Davis Beryl

Publié le par Mémoires de Guerre

Beryl Davis (16 March 1924 – 28 October 2011) was a vocalist who sang with British and American big bands, as well as being an occasional featured vocalist at a very young age with the Quintette du Hot Club de France between 1936 and 1939. She was still performing (in her 80s) into the 2000s, possibly the last surviving and performing singer of the generation of popular entertainers from the 1930s and wartime years. Her younger sister is Lisa Davis Waltz, a teen actress in the 1950s and 1960s and later, the voice of Anita in Disney's 101 Dalmatians. 

Davis Beryl

Music career

Born in Plymouth, England, to Harry Lomax Davis and Queenie Davis, she began to sing for the Oscar Rabin Band, co-led by her father and saxophonist Oscar Rabin, at the age of eight, eventually turning professional and singing with, among others, Oscar Rabin, Geraldo, and the Sky Rockets Dance Orchestra. From the age of just 12, accompanied by a chaperone, she also performed and recorded with Django Reinhardt in Paris and on several European tours, and was the featured singer with the Quintette du Hot Club de France during their tour of the U.K. in July-August 1939, including a performance with the Quintette for BBC Television (broadcast in August 1939), of which, unfortunately, no copy appears to survive. She became popular singing for British and Allied troops during World War II, during which time Glenn Miller discovered her in London, and she sang for the Army Air Force Orchestra. After the second world war, she moved to Los Angeles with her father's big band, and with Frank Sinatra for one year on Your Hit Parade.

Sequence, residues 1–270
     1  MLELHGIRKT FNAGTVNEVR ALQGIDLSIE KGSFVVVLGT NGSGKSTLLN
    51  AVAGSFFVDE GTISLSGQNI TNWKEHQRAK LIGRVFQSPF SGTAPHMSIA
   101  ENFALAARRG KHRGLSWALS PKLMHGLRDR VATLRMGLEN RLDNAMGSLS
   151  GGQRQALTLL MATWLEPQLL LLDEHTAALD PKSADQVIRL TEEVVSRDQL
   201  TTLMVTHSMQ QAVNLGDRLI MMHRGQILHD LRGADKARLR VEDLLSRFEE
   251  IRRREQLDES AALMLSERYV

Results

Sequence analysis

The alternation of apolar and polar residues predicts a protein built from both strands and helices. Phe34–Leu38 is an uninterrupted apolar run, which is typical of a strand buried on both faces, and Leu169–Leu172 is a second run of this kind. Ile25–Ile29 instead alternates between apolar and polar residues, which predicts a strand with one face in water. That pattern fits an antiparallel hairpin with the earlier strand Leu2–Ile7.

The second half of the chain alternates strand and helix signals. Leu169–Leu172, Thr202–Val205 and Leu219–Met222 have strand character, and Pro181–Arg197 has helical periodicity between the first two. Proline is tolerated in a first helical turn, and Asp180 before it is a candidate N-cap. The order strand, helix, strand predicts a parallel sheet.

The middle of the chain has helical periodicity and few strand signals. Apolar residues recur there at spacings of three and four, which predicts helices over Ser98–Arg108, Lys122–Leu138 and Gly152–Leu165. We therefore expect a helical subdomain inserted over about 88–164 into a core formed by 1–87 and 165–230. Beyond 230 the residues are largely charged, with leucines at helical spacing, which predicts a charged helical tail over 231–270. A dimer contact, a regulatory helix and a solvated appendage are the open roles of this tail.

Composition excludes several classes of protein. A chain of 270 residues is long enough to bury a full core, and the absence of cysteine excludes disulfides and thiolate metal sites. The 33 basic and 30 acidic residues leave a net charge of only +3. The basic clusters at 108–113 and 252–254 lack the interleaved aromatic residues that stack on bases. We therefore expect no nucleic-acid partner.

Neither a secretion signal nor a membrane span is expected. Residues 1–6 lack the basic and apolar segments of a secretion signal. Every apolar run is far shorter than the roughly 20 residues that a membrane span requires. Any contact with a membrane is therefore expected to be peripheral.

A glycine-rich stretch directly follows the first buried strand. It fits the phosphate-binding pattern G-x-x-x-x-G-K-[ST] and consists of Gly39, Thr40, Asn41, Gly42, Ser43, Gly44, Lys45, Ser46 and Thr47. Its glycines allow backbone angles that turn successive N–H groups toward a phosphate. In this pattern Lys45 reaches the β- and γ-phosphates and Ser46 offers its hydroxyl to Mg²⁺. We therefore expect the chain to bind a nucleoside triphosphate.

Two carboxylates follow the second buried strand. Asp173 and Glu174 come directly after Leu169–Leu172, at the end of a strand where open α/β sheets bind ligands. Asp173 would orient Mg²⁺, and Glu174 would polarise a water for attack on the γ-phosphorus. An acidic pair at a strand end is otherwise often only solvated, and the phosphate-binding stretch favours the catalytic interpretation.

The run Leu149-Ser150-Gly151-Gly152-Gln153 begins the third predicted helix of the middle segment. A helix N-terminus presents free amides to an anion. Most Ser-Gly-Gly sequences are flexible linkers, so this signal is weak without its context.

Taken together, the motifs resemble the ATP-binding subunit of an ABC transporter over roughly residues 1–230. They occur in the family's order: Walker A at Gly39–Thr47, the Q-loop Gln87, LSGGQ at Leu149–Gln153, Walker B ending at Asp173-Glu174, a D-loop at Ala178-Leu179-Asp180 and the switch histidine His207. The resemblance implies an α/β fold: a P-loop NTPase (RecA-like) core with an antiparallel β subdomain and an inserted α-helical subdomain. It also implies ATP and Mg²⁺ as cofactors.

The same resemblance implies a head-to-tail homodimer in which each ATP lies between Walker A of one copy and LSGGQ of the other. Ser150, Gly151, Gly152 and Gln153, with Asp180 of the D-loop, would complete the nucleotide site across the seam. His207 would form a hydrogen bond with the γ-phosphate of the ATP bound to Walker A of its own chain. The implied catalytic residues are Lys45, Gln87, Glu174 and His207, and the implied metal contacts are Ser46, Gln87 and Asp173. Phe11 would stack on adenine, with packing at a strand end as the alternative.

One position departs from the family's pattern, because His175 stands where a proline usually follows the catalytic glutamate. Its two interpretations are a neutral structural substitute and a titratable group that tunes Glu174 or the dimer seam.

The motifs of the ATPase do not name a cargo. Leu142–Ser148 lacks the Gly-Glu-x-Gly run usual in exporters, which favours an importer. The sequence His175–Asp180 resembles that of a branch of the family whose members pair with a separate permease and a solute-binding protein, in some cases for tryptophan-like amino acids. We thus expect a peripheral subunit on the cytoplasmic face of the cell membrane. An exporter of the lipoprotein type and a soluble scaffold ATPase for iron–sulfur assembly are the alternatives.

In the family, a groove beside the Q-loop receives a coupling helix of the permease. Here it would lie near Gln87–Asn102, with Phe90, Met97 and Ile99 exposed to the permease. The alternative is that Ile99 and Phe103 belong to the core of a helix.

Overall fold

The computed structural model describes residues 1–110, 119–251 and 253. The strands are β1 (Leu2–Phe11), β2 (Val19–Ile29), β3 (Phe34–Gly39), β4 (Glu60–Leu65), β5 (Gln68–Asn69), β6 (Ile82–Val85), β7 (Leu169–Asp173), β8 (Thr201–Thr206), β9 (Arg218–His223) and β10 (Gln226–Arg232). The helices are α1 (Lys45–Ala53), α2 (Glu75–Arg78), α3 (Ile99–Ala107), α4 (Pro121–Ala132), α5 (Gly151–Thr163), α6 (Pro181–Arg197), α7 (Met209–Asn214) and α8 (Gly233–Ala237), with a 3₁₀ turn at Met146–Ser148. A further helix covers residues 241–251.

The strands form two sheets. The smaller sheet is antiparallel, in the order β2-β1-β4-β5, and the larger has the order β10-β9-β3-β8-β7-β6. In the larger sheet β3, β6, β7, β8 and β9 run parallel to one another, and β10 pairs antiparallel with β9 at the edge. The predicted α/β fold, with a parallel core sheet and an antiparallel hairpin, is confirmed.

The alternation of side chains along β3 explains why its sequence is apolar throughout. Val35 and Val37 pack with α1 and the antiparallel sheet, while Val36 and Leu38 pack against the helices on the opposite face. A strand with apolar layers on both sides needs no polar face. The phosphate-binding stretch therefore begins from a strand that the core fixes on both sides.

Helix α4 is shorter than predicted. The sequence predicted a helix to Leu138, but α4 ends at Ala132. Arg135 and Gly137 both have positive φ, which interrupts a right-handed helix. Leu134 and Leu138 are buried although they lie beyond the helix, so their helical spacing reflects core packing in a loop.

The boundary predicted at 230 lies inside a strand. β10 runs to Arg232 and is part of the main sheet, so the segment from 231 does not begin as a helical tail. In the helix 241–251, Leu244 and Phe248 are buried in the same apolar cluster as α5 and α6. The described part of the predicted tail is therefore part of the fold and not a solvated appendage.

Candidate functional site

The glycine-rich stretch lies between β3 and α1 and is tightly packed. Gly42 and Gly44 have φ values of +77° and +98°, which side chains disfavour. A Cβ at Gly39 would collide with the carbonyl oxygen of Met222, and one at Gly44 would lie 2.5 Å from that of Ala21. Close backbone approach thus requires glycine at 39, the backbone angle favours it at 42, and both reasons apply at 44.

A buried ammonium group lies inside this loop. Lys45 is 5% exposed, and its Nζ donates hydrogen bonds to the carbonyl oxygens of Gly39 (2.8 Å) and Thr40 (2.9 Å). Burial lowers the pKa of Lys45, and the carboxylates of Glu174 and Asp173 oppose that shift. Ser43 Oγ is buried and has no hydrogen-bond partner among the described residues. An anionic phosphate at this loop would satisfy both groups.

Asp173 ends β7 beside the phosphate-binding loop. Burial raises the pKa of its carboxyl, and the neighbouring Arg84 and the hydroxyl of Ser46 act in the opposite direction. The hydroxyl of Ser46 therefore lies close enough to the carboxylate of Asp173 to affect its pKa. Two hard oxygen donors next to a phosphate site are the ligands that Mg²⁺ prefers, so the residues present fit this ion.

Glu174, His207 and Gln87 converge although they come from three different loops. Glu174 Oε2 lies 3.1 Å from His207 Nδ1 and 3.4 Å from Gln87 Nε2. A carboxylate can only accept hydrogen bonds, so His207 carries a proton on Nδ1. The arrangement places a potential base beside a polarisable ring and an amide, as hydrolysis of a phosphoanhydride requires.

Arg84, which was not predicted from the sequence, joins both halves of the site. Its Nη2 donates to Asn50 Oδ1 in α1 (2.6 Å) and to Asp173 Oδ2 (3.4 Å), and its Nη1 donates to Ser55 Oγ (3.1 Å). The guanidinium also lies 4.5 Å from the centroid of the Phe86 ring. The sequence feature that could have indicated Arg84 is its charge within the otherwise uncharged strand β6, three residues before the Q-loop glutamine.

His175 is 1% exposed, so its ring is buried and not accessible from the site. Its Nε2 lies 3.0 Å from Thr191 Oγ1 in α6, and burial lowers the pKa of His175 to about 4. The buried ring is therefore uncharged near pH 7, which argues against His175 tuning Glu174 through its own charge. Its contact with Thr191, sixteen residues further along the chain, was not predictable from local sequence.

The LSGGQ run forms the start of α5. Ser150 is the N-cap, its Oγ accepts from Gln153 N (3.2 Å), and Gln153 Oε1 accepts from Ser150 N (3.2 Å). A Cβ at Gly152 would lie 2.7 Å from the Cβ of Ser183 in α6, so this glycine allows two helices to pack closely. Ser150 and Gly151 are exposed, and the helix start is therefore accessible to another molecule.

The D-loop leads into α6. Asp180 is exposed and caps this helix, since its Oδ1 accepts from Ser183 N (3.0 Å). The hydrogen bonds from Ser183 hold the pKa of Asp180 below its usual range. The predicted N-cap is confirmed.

She was part of the Four Girls singing group with Jane Russell, Rhonda Fleming, Della Russell, and Connie Haines. They recorded sixteen singles, and albums which became best sellers. She appeared both in variety shows and films. She was married to William Mann Moore (aka Peter Potter), disc jockey and host of the 1950s Emmy Winning television show, Jukebox Jury. They had three children, William Bell, Merry Bell, and Melinda Beryl. The marriage ended in divorce. In 1996, a Golden Palm Star on the Palm Springs, California, Palm Springs Walk of Stars was dedicated to her. Still performing into her 80s, she was featured at several concerts/festivals in the mid 2000s with the backing of the guitarist John Jorgenson and his band, who featured her vocals on one track, "Don't Worry 'Bout Me", on his 2007 CD "Ultraspontane", reprising her original recording with Django almost 70 years earlier. On 28 October 2011, Davis died in Los Angeles from complications of Alzheimer's disease, at age 87. She was buried at the Forest Lawn Memorial Park in Hollywood Hills, Los Angeles.


  • I'll Be Seeing You, (Hindsight, 1999)
  • Alone Together, (2000)
  • I Hear a Dream, (2001)
  • Feel the Spirit, (Jasmine, 2008) - compilation of tracks released for Coral and Capitol in the 1950s

Publié dans Chanteurs-Chanteuses

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